UK housing white paper “hyprocitical”, warn landlords

The UK housing white paper, announced by the government today, has been branded “hypocritical” by one landlord.

The government delivered its proposals to fix the country’s “broken” housing market today, announcing a string of measures designed to boost construction levels across the country, both for homeowners and for renters.

The focus on institutional investment in build to rent developments is welcomed by the property industry, but it arrives at a time when the government is also introducing a string of measures for landlords that will leave many with no other option but to raise rents, making housing more unaffordable for tenants in the short-term.

David Cox, Managing Director of the Association of Residential Letting Agents, says: “ARLA welcomes the Government’s plans to encourage more institutional investment to boost the number of properties available for rent. Any proposals that increase supply should be applauded. However, this approach should not be at the expense of small landlords who make up the bulk of the private rented sector. Experience has shown that, even in countries where institutional investment in the PRS has been encouraged, it still only makes up a small part of the sector. Small landlords are vital to the health of our rental sector.”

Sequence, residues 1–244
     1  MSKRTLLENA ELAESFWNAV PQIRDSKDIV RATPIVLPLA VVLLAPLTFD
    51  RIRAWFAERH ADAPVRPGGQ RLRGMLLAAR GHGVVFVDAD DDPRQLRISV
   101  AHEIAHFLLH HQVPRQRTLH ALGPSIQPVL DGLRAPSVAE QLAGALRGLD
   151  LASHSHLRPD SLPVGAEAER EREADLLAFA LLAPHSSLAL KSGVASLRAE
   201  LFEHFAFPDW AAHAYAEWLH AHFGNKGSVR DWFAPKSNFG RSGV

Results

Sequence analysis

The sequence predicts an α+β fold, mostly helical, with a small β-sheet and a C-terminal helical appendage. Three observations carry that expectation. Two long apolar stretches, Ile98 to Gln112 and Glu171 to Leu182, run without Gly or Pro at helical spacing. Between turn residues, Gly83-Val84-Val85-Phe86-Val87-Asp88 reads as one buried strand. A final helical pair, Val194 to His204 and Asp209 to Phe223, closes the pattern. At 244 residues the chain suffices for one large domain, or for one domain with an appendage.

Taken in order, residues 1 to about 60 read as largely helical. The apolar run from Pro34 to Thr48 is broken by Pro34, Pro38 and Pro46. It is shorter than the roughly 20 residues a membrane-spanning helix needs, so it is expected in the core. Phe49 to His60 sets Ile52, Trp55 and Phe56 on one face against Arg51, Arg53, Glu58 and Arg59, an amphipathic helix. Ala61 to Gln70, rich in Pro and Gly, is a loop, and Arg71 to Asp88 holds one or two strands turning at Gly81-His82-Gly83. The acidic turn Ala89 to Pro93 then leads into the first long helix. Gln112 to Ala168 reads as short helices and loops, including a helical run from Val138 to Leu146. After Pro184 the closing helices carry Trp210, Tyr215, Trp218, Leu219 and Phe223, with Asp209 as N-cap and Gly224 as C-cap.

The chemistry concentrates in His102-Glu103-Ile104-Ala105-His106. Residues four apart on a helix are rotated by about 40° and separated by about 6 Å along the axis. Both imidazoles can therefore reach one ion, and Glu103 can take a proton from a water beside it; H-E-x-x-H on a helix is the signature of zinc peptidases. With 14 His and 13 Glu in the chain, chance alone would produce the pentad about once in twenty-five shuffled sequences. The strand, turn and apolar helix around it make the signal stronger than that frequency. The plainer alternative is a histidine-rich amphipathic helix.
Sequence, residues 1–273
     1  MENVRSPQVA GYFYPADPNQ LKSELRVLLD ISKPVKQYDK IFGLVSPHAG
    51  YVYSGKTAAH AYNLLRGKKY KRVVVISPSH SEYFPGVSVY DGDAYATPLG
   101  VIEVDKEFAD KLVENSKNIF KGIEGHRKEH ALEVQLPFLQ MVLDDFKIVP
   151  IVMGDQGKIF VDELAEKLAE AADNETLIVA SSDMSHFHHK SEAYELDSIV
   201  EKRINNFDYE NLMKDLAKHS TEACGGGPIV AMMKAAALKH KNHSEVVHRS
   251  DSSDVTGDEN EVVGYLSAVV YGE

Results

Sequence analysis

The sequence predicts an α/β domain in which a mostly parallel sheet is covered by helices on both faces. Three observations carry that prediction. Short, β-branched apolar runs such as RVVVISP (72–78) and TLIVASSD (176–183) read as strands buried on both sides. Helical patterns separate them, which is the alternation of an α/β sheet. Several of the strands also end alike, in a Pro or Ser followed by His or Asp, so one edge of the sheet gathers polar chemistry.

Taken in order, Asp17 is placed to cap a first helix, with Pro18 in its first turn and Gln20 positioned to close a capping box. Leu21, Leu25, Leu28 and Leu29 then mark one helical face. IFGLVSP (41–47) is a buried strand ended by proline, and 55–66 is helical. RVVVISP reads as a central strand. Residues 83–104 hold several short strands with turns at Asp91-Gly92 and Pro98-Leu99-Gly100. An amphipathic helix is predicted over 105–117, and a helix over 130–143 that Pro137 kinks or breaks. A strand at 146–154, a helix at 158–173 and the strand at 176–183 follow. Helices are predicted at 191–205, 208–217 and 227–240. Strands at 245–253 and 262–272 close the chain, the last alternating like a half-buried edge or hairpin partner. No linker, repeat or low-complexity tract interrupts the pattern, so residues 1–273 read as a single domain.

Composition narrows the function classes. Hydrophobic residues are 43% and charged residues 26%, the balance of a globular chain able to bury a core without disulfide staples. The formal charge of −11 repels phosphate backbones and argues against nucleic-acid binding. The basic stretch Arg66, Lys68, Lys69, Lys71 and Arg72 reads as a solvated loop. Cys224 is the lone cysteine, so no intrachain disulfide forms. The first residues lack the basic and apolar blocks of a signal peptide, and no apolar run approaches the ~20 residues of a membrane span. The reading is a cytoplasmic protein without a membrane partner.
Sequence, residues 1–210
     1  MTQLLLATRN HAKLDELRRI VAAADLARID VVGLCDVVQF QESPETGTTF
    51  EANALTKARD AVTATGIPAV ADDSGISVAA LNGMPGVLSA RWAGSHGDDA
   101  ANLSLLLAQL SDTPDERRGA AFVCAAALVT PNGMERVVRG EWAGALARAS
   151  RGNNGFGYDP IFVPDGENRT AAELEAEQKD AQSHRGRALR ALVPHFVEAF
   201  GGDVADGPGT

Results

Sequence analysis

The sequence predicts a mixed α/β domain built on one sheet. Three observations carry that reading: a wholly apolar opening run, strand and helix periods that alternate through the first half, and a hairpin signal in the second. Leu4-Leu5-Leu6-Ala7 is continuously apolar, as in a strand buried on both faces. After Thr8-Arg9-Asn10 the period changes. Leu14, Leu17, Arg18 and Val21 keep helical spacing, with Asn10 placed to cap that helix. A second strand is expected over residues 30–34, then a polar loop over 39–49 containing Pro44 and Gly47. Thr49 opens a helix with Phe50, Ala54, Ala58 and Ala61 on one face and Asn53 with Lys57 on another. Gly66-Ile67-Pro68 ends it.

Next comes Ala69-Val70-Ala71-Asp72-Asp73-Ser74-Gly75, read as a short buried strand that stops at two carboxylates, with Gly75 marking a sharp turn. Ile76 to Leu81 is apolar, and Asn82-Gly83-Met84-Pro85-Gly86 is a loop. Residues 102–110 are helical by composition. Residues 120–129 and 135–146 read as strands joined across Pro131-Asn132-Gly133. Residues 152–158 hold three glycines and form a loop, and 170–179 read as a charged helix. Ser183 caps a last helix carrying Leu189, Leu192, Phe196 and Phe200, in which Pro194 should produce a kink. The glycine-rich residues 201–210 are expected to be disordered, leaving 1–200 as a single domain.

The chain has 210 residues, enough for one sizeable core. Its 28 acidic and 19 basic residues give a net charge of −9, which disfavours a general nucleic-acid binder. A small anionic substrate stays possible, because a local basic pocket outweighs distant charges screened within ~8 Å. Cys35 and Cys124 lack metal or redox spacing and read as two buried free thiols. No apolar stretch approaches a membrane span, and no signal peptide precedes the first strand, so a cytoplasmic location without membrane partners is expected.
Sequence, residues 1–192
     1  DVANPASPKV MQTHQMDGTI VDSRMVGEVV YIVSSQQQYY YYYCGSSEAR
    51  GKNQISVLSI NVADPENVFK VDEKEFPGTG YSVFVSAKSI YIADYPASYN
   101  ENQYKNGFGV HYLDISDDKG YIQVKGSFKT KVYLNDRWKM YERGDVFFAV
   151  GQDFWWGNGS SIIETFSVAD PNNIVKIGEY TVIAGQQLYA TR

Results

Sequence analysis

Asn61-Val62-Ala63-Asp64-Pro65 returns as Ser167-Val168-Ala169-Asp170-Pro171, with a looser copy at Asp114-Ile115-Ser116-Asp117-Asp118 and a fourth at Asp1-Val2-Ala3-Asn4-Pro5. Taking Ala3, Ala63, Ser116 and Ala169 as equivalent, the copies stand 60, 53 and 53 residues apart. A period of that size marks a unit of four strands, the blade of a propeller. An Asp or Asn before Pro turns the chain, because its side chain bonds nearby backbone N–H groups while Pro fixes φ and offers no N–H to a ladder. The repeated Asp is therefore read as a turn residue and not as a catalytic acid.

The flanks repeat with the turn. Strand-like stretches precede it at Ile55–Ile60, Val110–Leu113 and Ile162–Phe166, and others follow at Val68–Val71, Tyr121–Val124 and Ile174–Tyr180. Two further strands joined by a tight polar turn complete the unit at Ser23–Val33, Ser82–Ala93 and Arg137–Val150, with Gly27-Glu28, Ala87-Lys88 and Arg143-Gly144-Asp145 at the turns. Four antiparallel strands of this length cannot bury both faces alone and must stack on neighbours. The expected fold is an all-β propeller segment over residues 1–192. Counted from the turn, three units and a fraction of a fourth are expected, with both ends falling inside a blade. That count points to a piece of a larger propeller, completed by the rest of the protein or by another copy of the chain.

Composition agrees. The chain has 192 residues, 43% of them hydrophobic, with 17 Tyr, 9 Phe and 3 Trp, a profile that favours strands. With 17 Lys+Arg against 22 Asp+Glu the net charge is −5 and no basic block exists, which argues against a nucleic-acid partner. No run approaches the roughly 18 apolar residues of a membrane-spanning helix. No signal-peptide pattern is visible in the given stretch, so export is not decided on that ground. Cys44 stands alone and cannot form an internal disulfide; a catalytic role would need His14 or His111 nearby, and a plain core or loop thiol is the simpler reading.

Steve Bolton, Founder of Platinum Property Partners, who led a legal challenge last year against tax changes that will be phased in from April 2017, levying landlords on their revenue, rather than their profit, comments: “Improving property supply – both in the homeowner and rental market – is key if we are to slow rising house prices and rents. Yet, while the Government commits to increasing the availability of homes in this white paper, buy-to-let tax changes due to come into effect in a matter of months threaten to seriously derail investment in the rental sector.

“The proposed tax changes will hit private landlords’ profitability and inevitably cause some to leave the market altogether, restricting the number of rental homes available. How can the Government say they are committed to improving homeownership and reducing rents while simultaneously introducing a Tenant Tax that will only result in higher rental costs, and therefore making it harder for people to save for a deposit? All the good thinking in today’s white paper is completely derailed by this hypocritical approach.”

“According to the white paper, almost two thirds (65 per cent) of private tenants are happy with their tenure, compared to 48 per cent in 2004-05,” he continues. “It’s clear that landlords are providing an essential service – yet they are being squarely punished for it. If the Government truly wants to improve homeownership levels, and make renting more affordable for all, they need to abolish this ludicrous tax change sooner rather than later.”

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